Black Star News Article on the Duke Case

21 06 2007

Duke Case: Some Loose Ends

By Andre Stephens

June 20th, 2007

Op-Ed: The Duke Case

The Duke Rape case and our legal system’s speedy reaction to the way it was prosecuted is another example of how justice in America is different for white and Black folks, in perception and reality.

On June 15, 2007, Nifong was disbarred by unanimous decision of the bar’s disciplinary panel. Among the charges Nifong was found guilty of were fraud, dishonesty, deceit and misrepresentation. Even Duke University settled out of court with the three former players for an undisclosed amount.

The three former players are now widely portrayed by the mainstream media as victims. They were victimized by a public rush to judgment, Duke University and by Nifong’s rush to convict them. They have done television news magazine shows with sympathetic interviewers asking how they survived such an ordeal. How could this have happened to these three innocent young men that represent the best of this country’s youth?

The former players may have been the victims of an overzealous prosecutor, but are they totally innocent victims? No mention is ever made that these same innocent young men used an Escort Service to hire two women to strip and who knows what else. The team house had a reputation for rowdiness and unruly behavior. Neighbors reported students urinating out of the house windows. There were also reports of racial epithets being hurled at Black students that passed by.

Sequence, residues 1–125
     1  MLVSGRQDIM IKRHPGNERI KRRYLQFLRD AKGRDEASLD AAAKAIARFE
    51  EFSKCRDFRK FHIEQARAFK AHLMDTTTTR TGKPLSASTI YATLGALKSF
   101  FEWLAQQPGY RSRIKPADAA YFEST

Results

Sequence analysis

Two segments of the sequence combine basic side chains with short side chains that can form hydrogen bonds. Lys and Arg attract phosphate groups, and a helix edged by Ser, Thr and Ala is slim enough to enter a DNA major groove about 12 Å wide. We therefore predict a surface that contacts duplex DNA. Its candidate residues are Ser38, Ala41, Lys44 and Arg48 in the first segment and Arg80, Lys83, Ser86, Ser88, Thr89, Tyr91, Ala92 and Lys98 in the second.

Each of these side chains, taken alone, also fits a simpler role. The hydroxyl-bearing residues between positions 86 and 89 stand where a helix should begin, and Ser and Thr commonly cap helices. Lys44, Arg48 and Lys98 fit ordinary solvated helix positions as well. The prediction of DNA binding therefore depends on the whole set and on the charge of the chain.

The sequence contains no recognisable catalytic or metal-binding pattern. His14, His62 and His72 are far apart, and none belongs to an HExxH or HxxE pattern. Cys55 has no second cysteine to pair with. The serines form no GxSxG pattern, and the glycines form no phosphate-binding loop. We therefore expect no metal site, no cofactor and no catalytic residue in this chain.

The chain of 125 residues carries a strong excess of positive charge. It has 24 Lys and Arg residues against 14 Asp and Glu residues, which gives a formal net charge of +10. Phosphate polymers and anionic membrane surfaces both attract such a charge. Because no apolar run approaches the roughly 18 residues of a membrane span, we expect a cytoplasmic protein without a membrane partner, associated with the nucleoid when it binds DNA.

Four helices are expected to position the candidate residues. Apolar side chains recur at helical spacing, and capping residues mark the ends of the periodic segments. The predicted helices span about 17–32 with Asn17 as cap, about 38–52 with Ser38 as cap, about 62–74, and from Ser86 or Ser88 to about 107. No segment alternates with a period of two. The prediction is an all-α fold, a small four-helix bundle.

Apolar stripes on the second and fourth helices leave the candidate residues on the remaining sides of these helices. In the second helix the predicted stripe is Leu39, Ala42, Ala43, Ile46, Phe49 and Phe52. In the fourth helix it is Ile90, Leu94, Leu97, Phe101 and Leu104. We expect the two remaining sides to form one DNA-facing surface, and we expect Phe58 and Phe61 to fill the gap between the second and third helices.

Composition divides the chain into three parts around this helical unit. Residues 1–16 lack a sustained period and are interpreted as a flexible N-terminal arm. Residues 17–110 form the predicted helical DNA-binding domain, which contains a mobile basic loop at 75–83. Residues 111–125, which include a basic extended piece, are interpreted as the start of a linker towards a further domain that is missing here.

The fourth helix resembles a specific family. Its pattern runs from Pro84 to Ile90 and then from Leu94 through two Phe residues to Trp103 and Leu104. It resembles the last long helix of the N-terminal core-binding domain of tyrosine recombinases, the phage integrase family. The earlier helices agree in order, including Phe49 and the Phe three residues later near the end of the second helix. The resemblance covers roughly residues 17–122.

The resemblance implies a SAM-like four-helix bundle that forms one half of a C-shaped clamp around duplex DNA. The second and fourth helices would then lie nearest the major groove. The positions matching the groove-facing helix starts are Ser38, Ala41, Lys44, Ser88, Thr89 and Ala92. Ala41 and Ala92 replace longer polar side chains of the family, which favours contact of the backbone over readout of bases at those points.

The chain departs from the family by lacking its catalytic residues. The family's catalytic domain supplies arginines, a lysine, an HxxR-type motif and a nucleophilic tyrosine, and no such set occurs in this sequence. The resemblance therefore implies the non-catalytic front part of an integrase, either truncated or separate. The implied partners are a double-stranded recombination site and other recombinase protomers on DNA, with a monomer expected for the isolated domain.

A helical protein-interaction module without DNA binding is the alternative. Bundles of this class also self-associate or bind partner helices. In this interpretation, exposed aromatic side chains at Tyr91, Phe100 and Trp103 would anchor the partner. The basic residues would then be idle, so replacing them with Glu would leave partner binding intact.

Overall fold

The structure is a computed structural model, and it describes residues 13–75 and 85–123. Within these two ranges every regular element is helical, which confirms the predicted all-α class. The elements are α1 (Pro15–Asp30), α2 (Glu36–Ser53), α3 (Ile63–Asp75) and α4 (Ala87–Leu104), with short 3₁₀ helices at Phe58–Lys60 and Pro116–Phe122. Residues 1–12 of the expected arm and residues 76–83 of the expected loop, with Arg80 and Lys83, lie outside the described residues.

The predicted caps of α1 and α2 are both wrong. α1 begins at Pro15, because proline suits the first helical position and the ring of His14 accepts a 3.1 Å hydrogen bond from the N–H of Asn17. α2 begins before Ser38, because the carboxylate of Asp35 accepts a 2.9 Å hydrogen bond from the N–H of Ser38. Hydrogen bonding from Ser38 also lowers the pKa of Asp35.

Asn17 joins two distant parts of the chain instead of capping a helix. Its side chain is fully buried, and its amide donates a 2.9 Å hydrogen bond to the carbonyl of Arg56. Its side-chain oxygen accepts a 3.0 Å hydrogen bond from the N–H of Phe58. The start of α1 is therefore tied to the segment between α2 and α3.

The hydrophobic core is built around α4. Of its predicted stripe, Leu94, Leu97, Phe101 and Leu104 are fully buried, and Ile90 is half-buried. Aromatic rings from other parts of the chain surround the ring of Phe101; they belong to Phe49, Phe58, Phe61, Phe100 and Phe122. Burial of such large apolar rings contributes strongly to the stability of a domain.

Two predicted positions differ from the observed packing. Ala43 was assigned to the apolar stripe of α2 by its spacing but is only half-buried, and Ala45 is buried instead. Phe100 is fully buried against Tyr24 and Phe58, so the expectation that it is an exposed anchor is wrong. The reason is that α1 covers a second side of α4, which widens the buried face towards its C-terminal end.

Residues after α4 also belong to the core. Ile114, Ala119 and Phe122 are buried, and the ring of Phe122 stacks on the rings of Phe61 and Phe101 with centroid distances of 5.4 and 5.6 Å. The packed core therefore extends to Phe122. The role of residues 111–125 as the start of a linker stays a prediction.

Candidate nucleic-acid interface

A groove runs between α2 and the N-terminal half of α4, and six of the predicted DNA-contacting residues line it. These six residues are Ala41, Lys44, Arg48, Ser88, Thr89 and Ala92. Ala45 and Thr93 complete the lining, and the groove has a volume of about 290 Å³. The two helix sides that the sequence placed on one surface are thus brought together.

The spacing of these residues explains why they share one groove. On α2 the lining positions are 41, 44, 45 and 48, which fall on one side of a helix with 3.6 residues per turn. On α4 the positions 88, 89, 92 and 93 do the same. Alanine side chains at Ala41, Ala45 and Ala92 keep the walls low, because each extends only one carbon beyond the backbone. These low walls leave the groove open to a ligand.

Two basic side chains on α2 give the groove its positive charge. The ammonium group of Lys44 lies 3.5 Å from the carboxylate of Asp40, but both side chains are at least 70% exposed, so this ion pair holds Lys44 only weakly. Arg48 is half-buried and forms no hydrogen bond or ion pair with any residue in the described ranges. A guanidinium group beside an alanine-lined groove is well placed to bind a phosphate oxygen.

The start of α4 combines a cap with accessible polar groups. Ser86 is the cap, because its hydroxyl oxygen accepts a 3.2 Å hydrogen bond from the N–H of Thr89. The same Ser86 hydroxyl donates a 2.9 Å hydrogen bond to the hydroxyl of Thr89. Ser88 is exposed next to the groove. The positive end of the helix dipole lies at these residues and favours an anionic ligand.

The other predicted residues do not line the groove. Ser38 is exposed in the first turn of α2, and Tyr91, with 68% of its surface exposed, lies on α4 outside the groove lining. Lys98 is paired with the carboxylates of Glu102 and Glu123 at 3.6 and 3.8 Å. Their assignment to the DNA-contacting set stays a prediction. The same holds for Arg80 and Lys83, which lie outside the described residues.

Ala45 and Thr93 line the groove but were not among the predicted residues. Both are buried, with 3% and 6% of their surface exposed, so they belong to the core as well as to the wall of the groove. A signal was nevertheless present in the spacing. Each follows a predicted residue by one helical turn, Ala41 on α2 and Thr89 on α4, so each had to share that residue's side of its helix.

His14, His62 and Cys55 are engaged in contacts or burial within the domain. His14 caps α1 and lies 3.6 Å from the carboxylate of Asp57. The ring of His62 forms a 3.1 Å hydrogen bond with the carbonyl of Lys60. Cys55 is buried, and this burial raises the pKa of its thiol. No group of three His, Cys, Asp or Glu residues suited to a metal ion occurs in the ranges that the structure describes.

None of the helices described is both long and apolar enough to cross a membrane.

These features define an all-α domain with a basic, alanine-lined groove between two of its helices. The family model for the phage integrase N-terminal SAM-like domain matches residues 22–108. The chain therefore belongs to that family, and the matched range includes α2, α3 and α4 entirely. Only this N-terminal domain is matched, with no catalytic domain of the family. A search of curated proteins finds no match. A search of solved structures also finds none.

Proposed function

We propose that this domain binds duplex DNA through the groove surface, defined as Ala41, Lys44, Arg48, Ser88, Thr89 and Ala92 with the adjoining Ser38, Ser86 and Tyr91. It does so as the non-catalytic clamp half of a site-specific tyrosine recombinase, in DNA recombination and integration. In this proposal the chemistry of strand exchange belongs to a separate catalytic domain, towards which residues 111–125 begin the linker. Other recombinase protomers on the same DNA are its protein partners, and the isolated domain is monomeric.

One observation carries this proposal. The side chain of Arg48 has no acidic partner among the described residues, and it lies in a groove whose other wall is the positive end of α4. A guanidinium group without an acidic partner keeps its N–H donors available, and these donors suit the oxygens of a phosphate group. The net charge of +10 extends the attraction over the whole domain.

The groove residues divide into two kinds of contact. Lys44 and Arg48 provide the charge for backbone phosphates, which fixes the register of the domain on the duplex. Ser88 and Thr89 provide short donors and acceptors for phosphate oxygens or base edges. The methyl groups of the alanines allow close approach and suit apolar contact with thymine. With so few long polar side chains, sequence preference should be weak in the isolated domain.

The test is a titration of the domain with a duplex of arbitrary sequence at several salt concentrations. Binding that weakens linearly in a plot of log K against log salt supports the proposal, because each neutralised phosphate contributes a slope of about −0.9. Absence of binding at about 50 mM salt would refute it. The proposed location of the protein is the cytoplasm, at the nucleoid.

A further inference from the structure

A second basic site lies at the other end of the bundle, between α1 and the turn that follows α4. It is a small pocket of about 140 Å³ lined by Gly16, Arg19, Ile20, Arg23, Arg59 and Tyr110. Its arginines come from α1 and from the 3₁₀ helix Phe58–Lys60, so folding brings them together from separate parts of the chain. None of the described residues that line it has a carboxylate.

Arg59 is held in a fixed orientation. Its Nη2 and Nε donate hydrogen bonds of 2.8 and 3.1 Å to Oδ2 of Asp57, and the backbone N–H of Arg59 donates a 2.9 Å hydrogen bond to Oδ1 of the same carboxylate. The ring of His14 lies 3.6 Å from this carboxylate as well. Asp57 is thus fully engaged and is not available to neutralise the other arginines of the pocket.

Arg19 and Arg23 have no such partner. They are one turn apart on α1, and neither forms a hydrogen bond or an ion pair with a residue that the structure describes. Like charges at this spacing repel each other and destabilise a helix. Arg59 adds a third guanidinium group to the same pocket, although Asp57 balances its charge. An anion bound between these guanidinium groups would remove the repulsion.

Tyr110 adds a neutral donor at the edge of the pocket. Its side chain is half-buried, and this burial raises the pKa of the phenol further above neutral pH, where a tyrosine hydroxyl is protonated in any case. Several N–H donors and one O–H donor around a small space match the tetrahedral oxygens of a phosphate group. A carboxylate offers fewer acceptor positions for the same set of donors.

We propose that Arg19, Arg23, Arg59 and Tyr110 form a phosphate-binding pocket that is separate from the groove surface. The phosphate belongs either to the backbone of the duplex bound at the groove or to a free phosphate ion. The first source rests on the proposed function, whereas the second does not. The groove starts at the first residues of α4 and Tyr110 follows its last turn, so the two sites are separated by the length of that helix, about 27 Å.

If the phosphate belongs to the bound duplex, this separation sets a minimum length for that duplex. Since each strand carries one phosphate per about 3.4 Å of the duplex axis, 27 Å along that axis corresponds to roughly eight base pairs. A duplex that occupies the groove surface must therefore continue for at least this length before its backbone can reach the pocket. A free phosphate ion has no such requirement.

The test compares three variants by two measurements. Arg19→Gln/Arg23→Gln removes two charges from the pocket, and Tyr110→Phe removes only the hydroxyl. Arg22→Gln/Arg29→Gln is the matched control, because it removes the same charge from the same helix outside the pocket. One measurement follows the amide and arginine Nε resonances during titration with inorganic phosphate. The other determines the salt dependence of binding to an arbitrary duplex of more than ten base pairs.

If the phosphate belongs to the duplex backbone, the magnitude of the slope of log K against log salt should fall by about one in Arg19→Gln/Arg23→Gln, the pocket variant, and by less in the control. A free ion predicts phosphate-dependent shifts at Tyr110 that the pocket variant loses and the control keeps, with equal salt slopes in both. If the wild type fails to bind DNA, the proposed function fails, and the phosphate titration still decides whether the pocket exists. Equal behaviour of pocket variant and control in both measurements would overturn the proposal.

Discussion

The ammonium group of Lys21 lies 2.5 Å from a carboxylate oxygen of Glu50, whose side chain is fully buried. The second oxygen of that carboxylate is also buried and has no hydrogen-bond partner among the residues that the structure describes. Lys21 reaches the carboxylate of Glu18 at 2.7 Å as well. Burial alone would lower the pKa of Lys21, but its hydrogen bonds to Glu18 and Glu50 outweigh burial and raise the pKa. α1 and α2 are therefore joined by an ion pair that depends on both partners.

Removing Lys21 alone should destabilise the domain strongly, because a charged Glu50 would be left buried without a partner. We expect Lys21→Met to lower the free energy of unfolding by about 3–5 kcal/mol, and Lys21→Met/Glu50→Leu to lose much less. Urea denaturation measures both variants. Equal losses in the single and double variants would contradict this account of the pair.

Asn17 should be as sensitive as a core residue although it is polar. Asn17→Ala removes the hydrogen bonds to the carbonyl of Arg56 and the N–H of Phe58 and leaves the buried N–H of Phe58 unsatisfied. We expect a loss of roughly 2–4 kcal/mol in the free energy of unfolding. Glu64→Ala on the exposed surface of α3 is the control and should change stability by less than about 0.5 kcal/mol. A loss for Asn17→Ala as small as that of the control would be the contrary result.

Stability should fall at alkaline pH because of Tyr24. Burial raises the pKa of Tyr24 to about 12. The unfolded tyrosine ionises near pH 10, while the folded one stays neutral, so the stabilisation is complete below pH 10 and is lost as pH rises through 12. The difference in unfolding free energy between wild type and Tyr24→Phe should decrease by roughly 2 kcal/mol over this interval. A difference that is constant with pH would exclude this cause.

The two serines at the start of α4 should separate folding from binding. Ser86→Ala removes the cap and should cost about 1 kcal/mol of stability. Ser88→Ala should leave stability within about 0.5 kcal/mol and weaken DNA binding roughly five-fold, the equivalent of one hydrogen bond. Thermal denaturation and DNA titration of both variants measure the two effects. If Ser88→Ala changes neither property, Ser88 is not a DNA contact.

Who can forget the e-mail that was recovered from one of the player’s computer in which they described a sick homicidal fantasy involving the dismemberment of one of the strippers. This also wasn’t the first time that members of the Duke Lacrosse team had run-ins with the law.

At the time of the rape investigation, 15 of the 47 players on the team had been cited by police for public and underage drinking. One of the defendants in the rape case had been arrested in Washington, DC with two other friends for beating a man in a bar, while taunting him with “gay” slurs.

I have a hard time with the portrayal of the three accused players as solely innocent victims with no accountability or responsibility for the situation in which they placed themselves. The last time I checked soliciting women for sex acts, underage drinking and lewdness were causes for being arrested, let alone expulsion from school. The player’s own misguided actions created the situation. To date, I have not heard any of the players accept responsibility for their own actions.

As I see the outrage of white America over the way the Duke players were treated, I tried to bring to mind a case involving a Black defendant where the legal system worked to correct itself in the same way as it did for the Duke players.

I tried to recall a situation in the last 20 years, where a perceived travesty committed against a person of color caused outrage within white America. Perhaps, that accounts for the difference between the way white and Black people view these situations.

The same legal system that worked the way it was designed to work for the Duke players, has consistently failed Black defendants. Furthermore, even when clear cut cases of injustice involving Blacks gains national attention, those instances are often dismissed as individual aberrations, with no connection to a broader pattern.

A quick review of some of the more famous legal cases where race was involved highlights how differently Black and whites view the legal system.